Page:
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Restraint, seclusion rooms in schools discussed
Don King listens as wife Tina recalls the 2004 hanging death of her then 13-year-old son, Jonathan, at a Gainesville special needs school. A citizens group met Thursday at St. Michael Catholic Church to discuss the future of restraint and seclusion rooms in Georgia schools. - photo by SARA GUEVARA

Don and Tina King are on a mission to see that what happened to their son never happens to anyone else’s child.

Jonathan King was 13 when he hanged himself inside a “seclusion room” at a Gainesville school for special needs children in 2004.

The unfurnished, 8-foot-by-8-foot room at the Alpine Psychoeducational Program was used for dealing with unruly children. The Kings say they never saw the room until his death and claim school officials kept them in the dark about its use.

“They never told us how often he went in,” Tina King said Thursday. “They would just tell us they were using ‘time out.’”

“Me and my family and friends, we want this seclusion and restraint done away with,” Don King said. “I miss my little man. I miss him real bad. Our goal is to make sure this doesn’t happen to anyone else.”

On Thursday, an attorney for a nonprofit legal advocacy organization briefed a citizens group at St. Michael Catholic Church on the future of restraint and seclusion rooms in Georgia schools. The state Department of Education is considering the adoption of new policies and procedures that would end the use of seclusion rooms and severely limit how children can be restrained.

“It’s a totally unregulated practice,” said Leslie Lipson, a staff attorney with the Georgia Advocacy Office. “Currently there are no rules. (Teachers) don’t have to tell supervisors, they don’t have to tell parents, they don’t have to tell the Department of Education. It is a wild west.”

A spokesman for the Georgia Department of Education did not return an e-mail and phone message seeking comment Thursday.

Officials with Gainesville’s Alpine Psychoeducational Program referred questions to Sandy Addis, director of Pioneer RESA, the agency that supervises the school. Addis was not immediately available for comment Thursday.

In court documents filed as part of a lawsuit brought by the Kings against Alpine and Pioneer RESA, the defendants note that the school did have in place a set of policies and procedures for use of the seclusion room, including a practice of checking the occupants visually every 15 minutes.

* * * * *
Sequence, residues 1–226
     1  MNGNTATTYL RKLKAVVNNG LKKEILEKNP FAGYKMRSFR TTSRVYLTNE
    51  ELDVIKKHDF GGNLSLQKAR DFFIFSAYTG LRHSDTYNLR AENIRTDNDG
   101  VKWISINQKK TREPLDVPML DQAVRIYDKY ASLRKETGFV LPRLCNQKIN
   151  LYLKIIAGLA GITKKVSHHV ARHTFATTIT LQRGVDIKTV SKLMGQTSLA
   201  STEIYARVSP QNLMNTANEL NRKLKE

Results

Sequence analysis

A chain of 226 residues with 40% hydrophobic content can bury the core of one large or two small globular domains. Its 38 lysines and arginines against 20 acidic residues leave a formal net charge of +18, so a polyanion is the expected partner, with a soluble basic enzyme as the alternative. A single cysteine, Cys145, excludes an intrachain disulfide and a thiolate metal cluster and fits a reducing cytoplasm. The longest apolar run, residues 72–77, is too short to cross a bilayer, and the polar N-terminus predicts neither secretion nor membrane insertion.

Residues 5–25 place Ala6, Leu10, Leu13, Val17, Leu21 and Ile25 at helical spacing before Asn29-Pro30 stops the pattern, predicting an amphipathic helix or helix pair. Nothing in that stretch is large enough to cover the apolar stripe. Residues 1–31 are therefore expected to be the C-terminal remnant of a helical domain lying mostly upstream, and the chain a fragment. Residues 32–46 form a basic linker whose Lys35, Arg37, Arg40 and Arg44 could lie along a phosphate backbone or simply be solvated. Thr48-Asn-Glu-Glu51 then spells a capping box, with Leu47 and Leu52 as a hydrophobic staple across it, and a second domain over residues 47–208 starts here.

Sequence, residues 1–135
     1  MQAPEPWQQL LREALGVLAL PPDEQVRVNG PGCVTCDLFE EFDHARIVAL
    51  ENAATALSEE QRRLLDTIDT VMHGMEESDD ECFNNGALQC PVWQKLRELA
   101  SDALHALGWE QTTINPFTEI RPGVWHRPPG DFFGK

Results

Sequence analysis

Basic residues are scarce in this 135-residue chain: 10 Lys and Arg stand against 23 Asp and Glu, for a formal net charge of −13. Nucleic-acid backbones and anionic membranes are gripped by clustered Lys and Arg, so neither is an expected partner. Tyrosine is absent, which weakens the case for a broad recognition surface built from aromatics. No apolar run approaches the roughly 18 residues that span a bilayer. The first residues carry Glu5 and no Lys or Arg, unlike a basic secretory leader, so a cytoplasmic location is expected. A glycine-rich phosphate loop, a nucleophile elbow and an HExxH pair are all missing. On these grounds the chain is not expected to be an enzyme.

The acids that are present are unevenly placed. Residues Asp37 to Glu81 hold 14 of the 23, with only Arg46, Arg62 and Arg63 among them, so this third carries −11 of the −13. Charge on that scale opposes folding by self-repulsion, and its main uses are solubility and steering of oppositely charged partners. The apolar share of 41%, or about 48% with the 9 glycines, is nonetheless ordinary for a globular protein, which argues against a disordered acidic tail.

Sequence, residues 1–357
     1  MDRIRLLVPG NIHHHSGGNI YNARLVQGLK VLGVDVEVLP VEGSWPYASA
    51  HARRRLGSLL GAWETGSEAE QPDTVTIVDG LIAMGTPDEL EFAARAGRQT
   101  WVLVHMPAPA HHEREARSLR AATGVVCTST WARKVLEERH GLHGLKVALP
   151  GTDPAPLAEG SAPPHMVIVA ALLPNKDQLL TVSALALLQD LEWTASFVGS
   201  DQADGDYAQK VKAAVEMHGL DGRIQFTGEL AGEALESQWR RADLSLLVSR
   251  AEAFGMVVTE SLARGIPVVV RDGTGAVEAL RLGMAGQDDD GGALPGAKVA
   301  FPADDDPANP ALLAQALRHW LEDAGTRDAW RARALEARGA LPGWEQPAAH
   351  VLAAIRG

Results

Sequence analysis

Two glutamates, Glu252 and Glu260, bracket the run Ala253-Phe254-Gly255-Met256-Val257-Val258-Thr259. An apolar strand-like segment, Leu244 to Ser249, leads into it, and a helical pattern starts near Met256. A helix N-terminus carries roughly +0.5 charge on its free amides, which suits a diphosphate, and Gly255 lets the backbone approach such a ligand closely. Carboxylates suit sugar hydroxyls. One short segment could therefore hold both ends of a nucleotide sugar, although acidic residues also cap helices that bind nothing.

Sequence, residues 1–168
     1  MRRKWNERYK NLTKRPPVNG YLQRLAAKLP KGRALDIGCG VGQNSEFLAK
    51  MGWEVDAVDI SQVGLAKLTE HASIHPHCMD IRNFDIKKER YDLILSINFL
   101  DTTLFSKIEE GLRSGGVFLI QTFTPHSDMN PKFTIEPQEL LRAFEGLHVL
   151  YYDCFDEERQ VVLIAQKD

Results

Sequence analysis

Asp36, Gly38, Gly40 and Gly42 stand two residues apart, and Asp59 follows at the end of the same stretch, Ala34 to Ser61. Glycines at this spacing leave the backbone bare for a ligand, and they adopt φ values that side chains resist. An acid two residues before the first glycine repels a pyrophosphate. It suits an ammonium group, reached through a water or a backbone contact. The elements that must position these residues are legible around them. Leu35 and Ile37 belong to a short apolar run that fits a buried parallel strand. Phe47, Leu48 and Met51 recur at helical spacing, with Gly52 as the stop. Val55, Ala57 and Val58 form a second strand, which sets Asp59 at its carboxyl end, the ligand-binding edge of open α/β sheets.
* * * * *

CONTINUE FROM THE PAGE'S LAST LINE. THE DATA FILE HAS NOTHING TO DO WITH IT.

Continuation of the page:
A Hall County Superior Court judge and the Georgia Court of Appeals have both ruled that the Kings did not have a case for a civil rights complaint against the school.

The Kings’ story and the lawsuit it prompted has drawn national news media attention. Lipson said it’s a credit to the couple’s campaign of raising awareness to the issue that seclusion rooms in Georgia schools could soon be history.

But advocates are still pushing for the elimination of restraint, which was blamed in the 2005 death of a 13-year-old boy at Cleveland’s Appalachian Wilderness Camp, a therapeutic outdoor program for troubled youth.

“Restraint should only be used when there is an imminent threat of serious bodily injury,” Lipson said.

According to a draft version of the proposed new rules, the state Department of Education would ban the use of mechanical restraint, most often seen in strapping children to chairs. Prone restraint, a face-down method that led to the death in Cleveland, would also be prohibited.

But Lipson’s group still has problems with the proposed rules, including a provision that would allow local school officials to use their discretion in when to use physical restraint.

The group also wants to see enforcement provisions that would hold faculty and staff accountable.

A third revised draft of the rules is expected to be released by the Department of Education in coming weeks.

Lipson encouraged members of the Georgia Concerned Citizens group to write the state Department of Education and give their input on the new rules.

“It’s very important that the department hear from people about not only what they don’t like, but what they do like,” she said.

“The goal is two-fold: to bring forth the public into the process, and to bring forth a rule that is significantly strong, so we can look back at these stories and say, if this rule was in place, this would not have happened.”

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